Many people believe that if you create an irrevocable Trust, you are required to obtain a separate tax identification number. Please watch the video of our attorney Mike Robinson as he explains whether or not this is necessary - below: … [Read more...] about Do I need a separate tax ID number for an irrevocable trust?
Most senior citizens will need living assistance eventually, and a significant percentage of them will reside in nursing homes. These facilities are extremely expensive, and Medicare does not pay for the custodial care that nursing homes provide. Medicaid will pay for long-term care, but it is a need-based program, so there are income and asset limits. In an effort to develop a financial profile that will lead to Medicaid eligibility, you can convey assets into an irrevocable Medicaid trust. … [Read more...] about What are these reasons?
Some irrevocable trusts are used to remove the value of assets from your taxable estate. Currently in New York, you would owe estate tax only if your taxable estate exceeds $5.93 million dollars, so those trusts are typically created by wealthy individuals. However, there are other reasons why a person would use an irrevocable trust. … [Read more...] about Are irrevocable trusts only used by very wealthy people that have estate tax concerns?
It is possible to create a trust that cannot be revoked while you are living, but the living trusts that most people use are revocable. When you establish a revocable living trust, you would act as the trustee while you are living, and you could change the terms as you see fit. … [Read more...] about I hear a lot of people espousing the virtues of living trusts. Is a living trust irrevocable?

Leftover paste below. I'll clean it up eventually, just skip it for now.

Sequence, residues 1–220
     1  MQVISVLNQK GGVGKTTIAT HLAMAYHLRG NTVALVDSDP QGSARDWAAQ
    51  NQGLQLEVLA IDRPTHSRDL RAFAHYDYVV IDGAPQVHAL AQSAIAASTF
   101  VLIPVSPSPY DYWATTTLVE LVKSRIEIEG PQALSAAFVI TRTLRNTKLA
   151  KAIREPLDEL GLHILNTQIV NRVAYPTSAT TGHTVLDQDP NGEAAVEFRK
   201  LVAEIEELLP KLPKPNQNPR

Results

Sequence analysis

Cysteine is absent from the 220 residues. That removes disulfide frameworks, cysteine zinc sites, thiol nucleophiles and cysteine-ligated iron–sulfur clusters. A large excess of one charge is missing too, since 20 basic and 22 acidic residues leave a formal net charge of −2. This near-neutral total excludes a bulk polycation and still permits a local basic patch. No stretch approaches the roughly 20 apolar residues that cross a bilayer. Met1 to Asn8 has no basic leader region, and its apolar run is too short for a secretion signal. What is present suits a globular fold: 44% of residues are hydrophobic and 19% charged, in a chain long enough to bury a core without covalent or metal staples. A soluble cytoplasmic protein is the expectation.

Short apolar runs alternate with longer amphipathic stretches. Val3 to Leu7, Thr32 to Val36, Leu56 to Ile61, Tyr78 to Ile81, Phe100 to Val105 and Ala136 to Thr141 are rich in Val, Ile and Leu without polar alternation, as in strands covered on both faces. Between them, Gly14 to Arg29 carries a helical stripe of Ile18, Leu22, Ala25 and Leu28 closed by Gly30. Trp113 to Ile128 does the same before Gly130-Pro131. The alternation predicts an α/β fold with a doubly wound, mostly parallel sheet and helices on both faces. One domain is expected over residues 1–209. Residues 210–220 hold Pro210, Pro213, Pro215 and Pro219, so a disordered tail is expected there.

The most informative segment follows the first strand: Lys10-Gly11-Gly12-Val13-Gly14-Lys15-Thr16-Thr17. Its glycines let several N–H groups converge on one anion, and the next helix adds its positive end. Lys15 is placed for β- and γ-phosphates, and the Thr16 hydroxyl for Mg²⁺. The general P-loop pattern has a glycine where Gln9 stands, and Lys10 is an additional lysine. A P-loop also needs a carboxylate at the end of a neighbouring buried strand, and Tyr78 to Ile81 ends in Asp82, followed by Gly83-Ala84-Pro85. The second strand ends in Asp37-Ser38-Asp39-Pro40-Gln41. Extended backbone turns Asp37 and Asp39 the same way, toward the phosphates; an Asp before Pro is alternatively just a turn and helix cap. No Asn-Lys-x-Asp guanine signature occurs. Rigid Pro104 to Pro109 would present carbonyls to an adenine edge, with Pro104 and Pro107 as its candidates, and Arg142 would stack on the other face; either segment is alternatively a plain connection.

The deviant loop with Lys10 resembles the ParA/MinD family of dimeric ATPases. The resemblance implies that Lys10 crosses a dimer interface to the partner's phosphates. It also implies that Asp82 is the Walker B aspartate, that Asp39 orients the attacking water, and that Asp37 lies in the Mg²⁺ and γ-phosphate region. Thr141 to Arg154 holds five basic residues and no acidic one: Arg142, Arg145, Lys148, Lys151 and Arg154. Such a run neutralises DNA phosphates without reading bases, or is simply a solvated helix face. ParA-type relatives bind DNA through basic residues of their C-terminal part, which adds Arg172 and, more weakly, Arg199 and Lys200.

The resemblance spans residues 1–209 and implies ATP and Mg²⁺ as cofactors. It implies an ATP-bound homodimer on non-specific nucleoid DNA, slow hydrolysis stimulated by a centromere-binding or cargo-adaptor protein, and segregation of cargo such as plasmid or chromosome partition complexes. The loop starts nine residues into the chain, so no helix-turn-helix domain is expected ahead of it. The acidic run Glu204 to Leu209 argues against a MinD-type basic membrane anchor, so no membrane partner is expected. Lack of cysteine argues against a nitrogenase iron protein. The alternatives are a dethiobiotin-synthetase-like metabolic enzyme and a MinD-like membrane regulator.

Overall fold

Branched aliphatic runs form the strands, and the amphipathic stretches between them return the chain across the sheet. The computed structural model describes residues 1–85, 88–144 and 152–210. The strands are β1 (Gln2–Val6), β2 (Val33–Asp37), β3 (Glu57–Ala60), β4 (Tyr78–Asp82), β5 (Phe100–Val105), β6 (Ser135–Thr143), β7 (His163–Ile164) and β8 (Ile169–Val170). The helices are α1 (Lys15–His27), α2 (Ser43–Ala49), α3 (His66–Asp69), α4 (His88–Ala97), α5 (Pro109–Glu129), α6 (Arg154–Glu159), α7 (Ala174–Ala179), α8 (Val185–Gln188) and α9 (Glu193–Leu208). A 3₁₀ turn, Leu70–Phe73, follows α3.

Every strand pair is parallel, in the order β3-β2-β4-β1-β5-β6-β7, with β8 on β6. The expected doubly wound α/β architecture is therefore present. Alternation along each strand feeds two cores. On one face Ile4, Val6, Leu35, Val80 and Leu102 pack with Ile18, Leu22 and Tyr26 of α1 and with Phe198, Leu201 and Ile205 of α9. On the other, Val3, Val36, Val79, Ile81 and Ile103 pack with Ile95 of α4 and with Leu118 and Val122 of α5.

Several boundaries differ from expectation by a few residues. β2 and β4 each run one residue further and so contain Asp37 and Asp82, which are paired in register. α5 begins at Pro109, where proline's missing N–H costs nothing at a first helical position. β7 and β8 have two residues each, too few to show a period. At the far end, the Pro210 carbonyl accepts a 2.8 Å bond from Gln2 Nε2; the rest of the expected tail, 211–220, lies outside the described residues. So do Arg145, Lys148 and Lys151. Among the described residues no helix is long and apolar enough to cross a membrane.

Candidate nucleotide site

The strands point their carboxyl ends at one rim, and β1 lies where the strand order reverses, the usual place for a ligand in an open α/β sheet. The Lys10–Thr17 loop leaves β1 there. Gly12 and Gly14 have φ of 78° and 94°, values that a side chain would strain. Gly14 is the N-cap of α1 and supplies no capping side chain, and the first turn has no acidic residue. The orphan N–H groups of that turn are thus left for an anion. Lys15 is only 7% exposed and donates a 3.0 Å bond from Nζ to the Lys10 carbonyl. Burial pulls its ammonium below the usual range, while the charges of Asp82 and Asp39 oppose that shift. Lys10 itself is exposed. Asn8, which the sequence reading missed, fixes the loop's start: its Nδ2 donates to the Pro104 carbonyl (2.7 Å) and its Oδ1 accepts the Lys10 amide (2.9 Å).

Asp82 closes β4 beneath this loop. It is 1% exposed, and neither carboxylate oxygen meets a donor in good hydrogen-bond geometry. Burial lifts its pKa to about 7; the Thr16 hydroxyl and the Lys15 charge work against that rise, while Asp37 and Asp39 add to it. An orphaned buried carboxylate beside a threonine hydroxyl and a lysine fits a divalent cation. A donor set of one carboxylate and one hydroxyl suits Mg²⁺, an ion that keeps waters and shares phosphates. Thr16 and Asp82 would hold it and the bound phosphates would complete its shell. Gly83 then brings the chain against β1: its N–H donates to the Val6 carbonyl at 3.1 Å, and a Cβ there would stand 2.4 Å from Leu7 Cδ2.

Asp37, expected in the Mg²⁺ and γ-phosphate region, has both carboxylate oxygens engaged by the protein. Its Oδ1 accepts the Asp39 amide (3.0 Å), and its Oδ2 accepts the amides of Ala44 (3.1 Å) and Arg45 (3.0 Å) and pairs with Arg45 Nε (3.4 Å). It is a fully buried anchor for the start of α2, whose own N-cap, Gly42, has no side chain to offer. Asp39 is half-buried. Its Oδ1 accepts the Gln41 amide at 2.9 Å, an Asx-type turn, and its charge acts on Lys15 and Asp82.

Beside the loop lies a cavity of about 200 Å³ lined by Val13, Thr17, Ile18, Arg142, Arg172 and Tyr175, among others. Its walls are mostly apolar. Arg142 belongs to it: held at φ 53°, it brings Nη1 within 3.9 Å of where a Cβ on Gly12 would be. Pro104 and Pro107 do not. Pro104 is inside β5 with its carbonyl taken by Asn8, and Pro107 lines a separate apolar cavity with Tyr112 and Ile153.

An estate plan could allow for the utilization of a trust protector, which is an objective third party that would be brought in by a court, the trustee, or the beneficiaries. This trust protector would become apprised of the facts and make a decision with regard to a proposed change. The trustee or the beneficiary of an irrevocable trust can be given a power of appointment that would give them the ability to change the terms. Under some circumstances, a court can order a judicial … [Read more...] about What are the exceptions?
Again, that depends on the type and purpose of the trust. If the trust has been established to provide nursing home asset protection, you can retain the power to make changes to the trust. … [Read more...] about Can you change the terms of an irrevocable trust after it has been created?
Whether you lose control of the assets depends on the type and purpose of the irrevocable trust. For examples, some irrevocable trusts that are done for advanced tax planning purposes do require you to give up control of the assets. Other types of irrevocable trusts, such as those done to protect assets from nursing home expense, do not require you to give up control, as long as the trust is drafted properly. … [Read more...] about Do you completely surrender control of assets in an irrevocable trust?